Subglottic secretion drainage for ventilator-associated pneumonia prevention: an underused efficient measure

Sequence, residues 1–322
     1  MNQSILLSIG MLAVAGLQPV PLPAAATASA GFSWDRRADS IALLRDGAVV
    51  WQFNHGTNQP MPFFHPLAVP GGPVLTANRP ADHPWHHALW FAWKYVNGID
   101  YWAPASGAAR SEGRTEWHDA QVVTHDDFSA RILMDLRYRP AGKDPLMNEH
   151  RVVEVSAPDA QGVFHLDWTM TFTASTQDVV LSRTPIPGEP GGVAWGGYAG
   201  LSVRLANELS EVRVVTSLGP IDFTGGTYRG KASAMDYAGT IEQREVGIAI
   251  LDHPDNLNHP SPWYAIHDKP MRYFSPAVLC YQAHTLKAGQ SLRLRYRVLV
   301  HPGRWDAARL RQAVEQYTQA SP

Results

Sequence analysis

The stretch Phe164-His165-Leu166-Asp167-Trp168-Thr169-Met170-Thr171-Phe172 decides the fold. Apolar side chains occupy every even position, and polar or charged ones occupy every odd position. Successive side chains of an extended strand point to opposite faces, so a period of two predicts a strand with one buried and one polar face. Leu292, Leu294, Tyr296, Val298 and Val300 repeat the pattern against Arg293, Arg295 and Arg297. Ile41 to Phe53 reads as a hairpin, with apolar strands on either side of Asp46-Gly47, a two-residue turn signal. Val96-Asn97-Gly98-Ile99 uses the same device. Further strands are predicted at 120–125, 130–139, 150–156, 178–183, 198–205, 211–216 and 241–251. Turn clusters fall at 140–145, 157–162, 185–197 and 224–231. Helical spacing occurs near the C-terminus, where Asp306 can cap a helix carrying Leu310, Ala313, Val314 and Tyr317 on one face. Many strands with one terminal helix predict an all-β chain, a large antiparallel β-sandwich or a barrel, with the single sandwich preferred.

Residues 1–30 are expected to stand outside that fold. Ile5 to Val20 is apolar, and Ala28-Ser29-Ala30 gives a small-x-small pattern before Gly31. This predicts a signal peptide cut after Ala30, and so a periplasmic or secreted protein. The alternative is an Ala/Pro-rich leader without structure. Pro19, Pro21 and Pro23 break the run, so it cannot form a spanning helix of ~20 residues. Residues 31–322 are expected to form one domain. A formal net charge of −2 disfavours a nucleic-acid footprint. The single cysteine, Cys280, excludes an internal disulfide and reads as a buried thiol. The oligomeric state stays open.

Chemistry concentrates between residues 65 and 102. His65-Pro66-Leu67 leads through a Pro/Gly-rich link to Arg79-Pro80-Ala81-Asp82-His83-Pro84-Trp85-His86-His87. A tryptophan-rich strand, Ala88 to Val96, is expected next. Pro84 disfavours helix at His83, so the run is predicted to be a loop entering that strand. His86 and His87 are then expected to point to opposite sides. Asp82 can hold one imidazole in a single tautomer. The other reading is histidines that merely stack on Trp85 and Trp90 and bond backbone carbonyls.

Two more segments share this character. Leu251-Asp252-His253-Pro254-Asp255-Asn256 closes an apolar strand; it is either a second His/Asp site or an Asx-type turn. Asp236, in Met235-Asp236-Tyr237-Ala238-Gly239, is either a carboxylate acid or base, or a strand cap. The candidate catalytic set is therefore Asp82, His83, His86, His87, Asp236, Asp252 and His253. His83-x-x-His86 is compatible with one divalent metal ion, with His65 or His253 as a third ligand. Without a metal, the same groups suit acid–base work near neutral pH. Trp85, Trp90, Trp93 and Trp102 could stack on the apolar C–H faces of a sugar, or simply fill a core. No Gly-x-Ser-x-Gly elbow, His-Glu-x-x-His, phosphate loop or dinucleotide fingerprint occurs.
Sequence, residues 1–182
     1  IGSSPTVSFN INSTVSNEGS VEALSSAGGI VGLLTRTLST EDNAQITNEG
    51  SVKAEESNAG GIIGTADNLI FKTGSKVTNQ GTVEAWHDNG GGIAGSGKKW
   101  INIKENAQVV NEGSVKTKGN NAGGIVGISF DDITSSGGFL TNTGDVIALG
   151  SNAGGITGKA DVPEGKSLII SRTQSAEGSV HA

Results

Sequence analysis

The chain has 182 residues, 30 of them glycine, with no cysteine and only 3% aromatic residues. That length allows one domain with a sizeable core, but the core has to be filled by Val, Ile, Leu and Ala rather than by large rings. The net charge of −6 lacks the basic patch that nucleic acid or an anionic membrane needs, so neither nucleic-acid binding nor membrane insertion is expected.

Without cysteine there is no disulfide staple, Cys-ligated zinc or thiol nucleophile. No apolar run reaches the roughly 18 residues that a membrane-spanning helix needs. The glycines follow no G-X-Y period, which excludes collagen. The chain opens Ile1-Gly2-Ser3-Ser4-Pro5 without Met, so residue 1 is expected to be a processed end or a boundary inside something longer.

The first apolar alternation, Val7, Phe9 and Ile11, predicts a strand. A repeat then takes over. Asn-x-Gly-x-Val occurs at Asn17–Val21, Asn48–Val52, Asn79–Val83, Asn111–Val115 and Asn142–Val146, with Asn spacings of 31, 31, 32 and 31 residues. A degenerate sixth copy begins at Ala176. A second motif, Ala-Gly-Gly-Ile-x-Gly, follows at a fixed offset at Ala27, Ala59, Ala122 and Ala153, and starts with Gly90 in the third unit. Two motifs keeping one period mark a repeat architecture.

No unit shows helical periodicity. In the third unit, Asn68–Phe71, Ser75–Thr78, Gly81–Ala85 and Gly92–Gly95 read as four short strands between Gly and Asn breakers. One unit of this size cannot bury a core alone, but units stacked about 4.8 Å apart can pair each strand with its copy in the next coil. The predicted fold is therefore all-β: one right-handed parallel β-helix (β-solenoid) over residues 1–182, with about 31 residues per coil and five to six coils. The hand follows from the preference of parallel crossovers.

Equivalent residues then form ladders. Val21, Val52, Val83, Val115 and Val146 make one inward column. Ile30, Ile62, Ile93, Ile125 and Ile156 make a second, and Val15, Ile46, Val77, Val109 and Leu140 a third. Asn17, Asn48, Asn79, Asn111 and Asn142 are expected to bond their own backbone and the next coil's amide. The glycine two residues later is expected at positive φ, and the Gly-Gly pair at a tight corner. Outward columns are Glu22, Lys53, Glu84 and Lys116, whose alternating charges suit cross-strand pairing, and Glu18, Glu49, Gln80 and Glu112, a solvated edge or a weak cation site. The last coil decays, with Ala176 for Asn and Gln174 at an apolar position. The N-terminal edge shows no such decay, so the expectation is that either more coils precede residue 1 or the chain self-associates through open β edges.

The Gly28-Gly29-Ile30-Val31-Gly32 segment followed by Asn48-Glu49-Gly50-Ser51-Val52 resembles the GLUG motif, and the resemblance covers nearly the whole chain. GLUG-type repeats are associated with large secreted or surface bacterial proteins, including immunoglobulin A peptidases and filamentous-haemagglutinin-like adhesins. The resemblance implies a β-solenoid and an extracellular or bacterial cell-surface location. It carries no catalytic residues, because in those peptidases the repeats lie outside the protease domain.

Subglottic secretion drainage (SSD) is one of the recommended strategies to prevent ventilator-associated pneumonia (VAP) with a high level of evidence, especially regarding early-onset pneumonia. All meta-analysis found that the use of SSD reduces VAP occurrence with a relative risk (RR) reduction of 45%. In some of them, SSD reduces the duration of mechanical ventilation (MV) but without beneficial effect on intensive care unit (ICU) or hospital mortality. In spite of the edited recommendations, SSD has not been widely implemented in ICUs and remains underused. Several factors could account for this: doubts on the innocuousness of using SSD, persisting reservations on the SSD effect on other outcomes than VAP, a high variability in the volume of secretions suctioned between patients and, for each individual patient, during the period of MV and the initial increased expense of the specific endotracheal tubes (ETs) allowing SSD which limits the availability of these devices.